Let V be a vector space over field F such that V contains two distinct vectors (so V $\neq \{0\}$). Define a new structure on V by keeping the same addition, but now define a new 'scalar multiplication' on V by $\lambda v$ = $-v$, for all $v \in $V and all $\lambda \in$ F (where $-v$ denotes the negative of $v$). Determine which of the eight vector space axioms holds for this new structure and which don't. For those that do not, explain why not.

ok this is the problem i'm working with and i'm struggling with understanding vector spaces and proofs. theres a question thats similar but with $\lambda v$ = $v$, but the anwser doesn't really explain rather just points out one of the axiom(distributivity) does not hold. Any hint or advice how I could approach this or break it down.

i know that the 6 it needs to be closed under these conditions

  1. v+w=w+v
  2. v+(u+w)=(v+w)+u
  3. v+0=0+v=v
  4. v+(−v)=0
  5. 1*v=v
  6. $\lambda$(v+w)=$\lambda$v+$\lambda$w
  • $\begingroup$ Do you mean "and all $\lambda \in F$"? Beyond that, what have you tried? A good start would be to go through the axioms one by one and check them. $\endgroup$
    – lulu
    Nov 14, 2022 at 21:01

1 Answer 1


A good strategy would be too look at the entire list of axioms. As far as I know, there are only $6$ axioms and not $8$. Being closed under addition and scalar multiplication are not axioms. Any vector space is already closed under addition and scalar multiplication by definition of the functions of addition and scalar multiplication. The following are the axioms.

$1.$ For all $u ,v\in V$, we have $u+v=v+u$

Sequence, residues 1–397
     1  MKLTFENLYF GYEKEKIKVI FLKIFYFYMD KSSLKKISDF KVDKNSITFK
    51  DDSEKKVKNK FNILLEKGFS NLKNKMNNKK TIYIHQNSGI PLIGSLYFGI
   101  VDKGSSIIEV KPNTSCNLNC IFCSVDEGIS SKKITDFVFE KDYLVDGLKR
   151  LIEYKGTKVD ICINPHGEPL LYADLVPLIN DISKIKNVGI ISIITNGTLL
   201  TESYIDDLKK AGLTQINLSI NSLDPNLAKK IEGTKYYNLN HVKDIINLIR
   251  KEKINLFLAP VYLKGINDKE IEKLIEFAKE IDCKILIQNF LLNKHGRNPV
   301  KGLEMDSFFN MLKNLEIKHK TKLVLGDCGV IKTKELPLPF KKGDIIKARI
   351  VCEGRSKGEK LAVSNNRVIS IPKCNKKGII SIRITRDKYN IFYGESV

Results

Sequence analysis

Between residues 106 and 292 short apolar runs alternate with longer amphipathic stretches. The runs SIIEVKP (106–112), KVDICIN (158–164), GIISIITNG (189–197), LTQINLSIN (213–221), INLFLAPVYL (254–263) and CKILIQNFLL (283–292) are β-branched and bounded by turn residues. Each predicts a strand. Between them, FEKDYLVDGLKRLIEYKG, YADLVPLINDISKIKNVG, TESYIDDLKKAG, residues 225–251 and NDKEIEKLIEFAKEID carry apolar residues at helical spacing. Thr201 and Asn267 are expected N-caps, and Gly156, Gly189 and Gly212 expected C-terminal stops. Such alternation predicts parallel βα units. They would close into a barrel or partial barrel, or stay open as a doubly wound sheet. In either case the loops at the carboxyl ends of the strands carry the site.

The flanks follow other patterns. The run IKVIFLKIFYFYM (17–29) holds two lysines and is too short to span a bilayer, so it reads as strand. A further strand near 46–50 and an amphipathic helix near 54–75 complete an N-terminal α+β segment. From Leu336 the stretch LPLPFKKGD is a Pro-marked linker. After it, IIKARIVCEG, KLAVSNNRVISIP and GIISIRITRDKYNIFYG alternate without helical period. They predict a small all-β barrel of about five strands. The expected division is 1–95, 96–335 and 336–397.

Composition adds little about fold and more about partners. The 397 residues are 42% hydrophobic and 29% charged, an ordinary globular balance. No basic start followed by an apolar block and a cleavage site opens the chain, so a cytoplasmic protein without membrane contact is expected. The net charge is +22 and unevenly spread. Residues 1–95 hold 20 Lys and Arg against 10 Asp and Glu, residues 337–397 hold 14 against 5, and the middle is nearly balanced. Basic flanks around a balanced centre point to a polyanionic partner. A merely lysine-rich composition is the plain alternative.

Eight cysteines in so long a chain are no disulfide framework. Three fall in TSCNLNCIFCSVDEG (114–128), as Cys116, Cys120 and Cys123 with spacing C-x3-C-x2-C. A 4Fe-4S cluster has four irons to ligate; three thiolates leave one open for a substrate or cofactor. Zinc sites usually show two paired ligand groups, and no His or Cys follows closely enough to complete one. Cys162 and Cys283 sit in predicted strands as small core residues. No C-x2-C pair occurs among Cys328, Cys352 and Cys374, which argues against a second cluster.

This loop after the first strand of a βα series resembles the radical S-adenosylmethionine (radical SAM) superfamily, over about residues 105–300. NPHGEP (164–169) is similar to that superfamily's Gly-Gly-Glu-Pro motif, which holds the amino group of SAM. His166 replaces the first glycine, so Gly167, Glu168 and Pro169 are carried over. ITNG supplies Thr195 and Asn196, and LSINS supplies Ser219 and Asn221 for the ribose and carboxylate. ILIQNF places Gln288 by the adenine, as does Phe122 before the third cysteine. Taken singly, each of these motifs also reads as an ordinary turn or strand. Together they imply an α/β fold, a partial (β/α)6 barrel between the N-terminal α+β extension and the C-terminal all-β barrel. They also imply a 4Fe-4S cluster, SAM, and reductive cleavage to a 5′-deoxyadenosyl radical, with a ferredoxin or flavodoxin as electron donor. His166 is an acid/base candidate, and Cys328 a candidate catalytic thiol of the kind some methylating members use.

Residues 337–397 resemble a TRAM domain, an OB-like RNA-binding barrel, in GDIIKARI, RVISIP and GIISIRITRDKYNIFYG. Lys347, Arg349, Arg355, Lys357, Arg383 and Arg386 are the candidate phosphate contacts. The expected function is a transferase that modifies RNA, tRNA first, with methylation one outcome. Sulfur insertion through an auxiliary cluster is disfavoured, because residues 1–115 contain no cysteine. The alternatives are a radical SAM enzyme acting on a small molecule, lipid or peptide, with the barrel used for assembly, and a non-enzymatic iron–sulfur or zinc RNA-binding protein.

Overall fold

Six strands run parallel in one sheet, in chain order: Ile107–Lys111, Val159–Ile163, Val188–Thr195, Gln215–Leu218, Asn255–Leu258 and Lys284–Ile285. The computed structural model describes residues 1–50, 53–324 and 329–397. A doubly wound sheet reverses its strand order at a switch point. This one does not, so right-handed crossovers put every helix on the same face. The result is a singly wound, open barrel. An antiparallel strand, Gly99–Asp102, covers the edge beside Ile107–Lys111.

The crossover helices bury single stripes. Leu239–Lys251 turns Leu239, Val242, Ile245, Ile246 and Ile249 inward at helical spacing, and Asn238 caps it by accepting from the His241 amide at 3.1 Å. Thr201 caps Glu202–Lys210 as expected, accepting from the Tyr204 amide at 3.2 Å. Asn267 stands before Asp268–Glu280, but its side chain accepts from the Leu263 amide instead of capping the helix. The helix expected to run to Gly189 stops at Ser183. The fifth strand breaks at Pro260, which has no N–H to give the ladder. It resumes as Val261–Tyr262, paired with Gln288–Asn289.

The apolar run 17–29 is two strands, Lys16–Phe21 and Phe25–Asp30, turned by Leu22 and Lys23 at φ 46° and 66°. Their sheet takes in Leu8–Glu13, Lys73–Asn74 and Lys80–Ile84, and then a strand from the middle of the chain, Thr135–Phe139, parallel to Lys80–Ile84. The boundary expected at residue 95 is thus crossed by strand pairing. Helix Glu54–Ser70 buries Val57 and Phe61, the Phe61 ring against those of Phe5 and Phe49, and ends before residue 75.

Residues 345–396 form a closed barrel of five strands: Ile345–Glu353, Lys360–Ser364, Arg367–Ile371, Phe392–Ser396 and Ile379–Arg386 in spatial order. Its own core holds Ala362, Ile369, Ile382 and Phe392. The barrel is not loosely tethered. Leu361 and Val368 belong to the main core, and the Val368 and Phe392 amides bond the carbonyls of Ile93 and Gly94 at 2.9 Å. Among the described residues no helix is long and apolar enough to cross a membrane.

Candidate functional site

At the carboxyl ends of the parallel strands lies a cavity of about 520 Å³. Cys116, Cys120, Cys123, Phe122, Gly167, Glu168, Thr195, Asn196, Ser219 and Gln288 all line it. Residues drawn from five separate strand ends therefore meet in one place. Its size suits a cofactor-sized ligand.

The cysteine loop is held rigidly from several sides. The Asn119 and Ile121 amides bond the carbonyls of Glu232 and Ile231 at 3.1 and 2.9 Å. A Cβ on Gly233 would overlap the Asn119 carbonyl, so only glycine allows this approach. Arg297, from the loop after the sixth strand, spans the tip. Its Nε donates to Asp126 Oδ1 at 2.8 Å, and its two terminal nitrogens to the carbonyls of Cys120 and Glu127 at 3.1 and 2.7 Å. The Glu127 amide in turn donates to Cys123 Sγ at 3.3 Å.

$2.$ For all $u, v, w\in V$, we have $(u+w)+v=u+(v+w)$. For all $a, b\in F$, we have $(ab)v=a(bv)$.

$3.$ There exists an element $0\in V$ such that for all $v\in V$, we have $0+v=v$

$4.$ For every $v\in V$, there exists a $w\in V$ such that $v+w=0$.

$5.$ Let $1$ be the multiplicative identity of $F$. Then we have $1v=v$

$6 $ For all $a, b\in F$ and $u, v\in V$, we have $a(u+v)=au+av$ and $(a+b)v=av+bv$

Now you are playing around with the definition of scalar multiplication. So you should be looking at those axioms which use scalar multiplication. In the list above, those axioms are number $5$ and $6$.

You have to show that your new definition of scalar multiplication doesn't satisfy one or both of the axioms above. Try doing that.

  • $\begingroup$ yes sorry i meant 6, confused myself there, fixed it $\endgroup$
    – beepboop
    Nov 14, 2022 at 21:16
  • $\begingroup$ @beepboop There is no need to apologies. Some people put two axioms together in one sentence and some list them differently. I thought you were including closure under addition and scalar multiplication as axioms and just wanted to correct that. $\endgroup$
    – Seeker
    Nov 14, 2022 at 21:19

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